Every Victorian living near bush, grassland or coastal areas needs to be aware of their bushfire risk, prepare their property and have a Bushfire Survival Plan.
Whether your plan is to leave before bushfire threatens or to stay to actively defend a well-prepared property, you will need to prepare your house.
The first step in making a Bushfire Survival Plan is understanding whether you have adequate defendable space around your property.
This is an area surrounding a building that has little or no combustible vegetation or other materials that could fuel a fire. Defendable space is achieved by managing the vegetation around your home.
If you do not have defendable space it is not safe to stay to defend your house.
CFA’s new Household Bushfire Self-Assessment Tool will help you determine if you have adequate defendable space. You’ll find it at www.cfa.vic.gov.au or you can request a printed copy by phoning the Victorian Bushfire Information Line on 1800 240 667.
If you plan to stay, you need to identify, create and continue to maintain defendable space around your home in addition to other property preparation you do.
If your house is to protect you from bushfire then it must have defendable space. If you plan to leave your property, your house will have more chance of surviving a bushfire if you have created and maintained this defendable space.
Managing the vegetation around your home and property contributes to your safety by creating less opportunity for a fire to reach your home quickly. Clearing such a space limits the ability of a moving fire to spread directly to your home through flame contact or radiant heat.
The amount of defendable space you require depends on two main factors:
1. the type and amount of vegetation you have around your home.
2. the degree of slope you live on.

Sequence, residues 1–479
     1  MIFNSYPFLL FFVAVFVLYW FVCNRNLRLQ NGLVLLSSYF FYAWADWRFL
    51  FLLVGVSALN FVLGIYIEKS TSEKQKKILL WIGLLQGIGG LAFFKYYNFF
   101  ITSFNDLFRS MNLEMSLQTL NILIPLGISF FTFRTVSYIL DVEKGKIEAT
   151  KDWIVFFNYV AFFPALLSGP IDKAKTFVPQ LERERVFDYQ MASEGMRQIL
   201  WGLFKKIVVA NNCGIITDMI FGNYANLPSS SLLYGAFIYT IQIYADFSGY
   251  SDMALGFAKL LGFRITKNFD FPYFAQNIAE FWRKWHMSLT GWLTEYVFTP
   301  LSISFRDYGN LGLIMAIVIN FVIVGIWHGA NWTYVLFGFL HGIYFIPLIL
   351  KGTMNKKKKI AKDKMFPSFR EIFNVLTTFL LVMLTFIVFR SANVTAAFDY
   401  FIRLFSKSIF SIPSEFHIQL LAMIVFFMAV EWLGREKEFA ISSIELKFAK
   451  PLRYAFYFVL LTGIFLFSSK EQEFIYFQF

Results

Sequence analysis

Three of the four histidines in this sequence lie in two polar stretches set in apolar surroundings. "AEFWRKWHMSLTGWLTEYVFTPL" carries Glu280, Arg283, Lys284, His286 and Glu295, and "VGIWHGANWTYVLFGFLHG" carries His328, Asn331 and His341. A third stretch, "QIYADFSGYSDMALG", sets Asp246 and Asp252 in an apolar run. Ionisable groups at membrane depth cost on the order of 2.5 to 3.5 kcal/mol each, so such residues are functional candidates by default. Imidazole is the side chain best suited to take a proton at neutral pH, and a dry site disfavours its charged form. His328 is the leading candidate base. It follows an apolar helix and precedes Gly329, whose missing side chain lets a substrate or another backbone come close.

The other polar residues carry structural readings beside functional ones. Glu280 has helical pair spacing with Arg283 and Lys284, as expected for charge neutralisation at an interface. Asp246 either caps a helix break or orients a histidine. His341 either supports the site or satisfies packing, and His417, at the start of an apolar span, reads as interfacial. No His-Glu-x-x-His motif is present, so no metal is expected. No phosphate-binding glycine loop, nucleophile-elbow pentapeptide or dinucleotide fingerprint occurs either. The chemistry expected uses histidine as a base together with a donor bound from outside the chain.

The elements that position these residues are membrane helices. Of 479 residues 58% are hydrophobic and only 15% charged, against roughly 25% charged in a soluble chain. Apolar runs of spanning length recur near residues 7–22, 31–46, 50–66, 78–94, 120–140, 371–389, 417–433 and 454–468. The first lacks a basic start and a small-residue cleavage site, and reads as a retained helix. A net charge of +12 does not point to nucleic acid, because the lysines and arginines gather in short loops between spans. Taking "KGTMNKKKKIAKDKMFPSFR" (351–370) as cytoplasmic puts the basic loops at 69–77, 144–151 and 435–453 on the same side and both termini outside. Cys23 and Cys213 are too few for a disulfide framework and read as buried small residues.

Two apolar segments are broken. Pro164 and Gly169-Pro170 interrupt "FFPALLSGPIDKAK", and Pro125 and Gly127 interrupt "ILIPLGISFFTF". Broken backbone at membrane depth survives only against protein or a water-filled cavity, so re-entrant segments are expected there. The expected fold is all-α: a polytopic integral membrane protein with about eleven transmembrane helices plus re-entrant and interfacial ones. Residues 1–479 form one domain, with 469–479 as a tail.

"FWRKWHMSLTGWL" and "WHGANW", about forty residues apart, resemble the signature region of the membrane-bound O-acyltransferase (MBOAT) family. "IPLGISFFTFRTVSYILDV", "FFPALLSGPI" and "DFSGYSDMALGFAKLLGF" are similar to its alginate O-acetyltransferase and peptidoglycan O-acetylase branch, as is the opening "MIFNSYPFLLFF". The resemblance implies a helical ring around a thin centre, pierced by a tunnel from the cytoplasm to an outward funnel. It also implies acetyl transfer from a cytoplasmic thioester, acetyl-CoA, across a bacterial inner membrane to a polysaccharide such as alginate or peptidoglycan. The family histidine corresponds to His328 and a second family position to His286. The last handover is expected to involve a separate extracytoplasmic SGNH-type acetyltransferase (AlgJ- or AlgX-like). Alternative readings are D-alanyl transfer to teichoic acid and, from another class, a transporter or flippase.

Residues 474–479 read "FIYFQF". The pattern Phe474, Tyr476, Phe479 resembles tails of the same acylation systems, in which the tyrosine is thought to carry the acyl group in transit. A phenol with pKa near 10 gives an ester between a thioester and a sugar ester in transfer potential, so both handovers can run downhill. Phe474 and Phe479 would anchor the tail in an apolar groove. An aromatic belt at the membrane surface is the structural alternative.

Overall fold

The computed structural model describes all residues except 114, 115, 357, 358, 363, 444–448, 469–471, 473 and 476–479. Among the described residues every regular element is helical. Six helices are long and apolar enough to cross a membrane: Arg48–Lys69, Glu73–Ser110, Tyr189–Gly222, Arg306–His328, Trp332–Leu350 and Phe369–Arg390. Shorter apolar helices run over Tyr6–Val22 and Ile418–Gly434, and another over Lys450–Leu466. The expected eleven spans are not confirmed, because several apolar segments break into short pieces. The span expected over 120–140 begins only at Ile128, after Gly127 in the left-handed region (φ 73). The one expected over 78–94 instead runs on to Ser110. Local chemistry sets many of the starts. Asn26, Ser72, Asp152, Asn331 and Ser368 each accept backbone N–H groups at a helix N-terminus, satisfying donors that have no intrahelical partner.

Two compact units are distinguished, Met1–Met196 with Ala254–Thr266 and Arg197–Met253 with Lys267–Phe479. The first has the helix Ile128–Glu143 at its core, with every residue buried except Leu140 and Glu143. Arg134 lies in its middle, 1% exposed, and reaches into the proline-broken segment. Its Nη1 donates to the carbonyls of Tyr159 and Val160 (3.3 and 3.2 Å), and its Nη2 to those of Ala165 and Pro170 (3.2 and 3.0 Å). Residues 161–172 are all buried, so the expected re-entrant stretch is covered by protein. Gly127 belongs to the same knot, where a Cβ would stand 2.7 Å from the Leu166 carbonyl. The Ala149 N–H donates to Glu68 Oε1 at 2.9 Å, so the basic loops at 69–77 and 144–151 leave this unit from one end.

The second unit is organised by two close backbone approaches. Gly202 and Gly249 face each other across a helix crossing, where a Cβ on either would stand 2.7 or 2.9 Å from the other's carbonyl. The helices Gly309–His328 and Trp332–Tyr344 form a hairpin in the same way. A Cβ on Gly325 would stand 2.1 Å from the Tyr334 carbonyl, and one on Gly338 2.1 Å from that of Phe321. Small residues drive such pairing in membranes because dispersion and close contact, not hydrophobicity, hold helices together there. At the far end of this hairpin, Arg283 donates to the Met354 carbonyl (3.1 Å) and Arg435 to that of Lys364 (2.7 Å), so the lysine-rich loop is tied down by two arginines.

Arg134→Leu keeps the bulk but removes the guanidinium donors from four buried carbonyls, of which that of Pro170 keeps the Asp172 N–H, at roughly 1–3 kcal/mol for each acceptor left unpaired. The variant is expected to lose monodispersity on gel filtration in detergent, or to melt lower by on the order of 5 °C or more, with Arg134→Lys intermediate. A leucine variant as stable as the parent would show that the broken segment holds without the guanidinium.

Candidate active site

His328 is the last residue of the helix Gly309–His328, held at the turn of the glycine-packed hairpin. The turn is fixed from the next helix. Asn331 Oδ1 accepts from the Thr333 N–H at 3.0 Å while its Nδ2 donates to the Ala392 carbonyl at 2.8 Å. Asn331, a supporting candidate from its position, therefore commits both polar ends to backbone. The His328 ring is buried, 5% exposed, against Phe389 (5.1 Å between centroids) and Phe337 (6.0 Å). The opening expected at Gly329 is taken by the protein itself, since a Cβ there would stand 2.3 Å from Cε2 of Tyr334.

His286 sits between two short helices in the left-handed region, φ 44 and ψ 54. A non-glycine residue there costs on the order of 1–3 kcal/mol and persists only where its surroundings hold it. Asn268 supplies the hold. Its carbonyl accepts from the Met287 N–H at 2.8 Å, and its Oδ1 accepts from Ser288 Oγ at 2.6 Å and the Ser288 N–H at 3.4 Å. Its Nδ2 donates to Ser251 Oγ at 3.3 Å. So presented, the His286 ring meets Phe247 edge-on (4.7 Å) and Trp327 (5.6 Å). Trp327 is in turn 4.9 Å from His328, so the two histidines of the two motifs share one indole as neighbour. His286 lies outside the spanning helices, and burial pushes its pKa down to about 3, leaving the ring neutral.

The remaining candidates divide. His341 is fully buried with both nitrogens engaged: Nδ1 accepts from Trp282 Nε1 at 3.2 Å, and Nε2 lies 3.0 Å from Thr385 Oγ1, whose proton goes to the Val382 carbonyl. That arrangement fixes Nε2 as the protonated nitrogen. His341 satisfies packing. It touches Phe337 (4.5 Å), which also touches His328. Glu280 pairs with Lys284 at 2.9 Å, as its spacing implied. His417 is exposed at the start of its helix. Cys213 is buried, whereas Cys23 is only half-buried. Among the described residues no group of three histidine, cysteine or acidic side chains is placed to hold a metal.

As a general rule you may need much more defendable space if there is dense forest all around you. However, if you are surrounded by grass or manicured gardens you will need less.
This needs to be considered for up to 100m around your house. However, the 10m radius around your home is most critical.
Create a space around your home by having a 10m area with:
• No shrubs over 1 metre
• No shrubs next to or below windows. In many bushfires, burning shrubs up against the house have contributed to cracking windows, allowing embers to enter the house
• Grass no higher than 10cm
• No overhanging tree branches
• No plant-based mulch or leaf litter more than 1cm deep.
From 10m to your property boundary (or up to 100m) it is advised that you manage the vegetation so that:
• only half the area has shrub coverage and grass is kept short. Severe fires are less likely to occur if your yard is free from long grass, leaves, twigs, bark and shrubs that can move fire into taller trees.
• there are breaks between clumps of vegetation. This makes it more difficult for the fire to move from one area to another and reduces the fire intensity.
In some cases, mature trees can play a useful role in protection against bushfire. They can provide a useful shield against radiant heat and embers.
Defendable space limits your exposure to flames and radiant heat but it does not protect you from ember attack. You will need to do a range of other preparations to reduce the impact of embers on your house.
For further information, go to www.cfa.vic.gov.au or phone the Victorian Bushfire Information Line on 1800 240 667.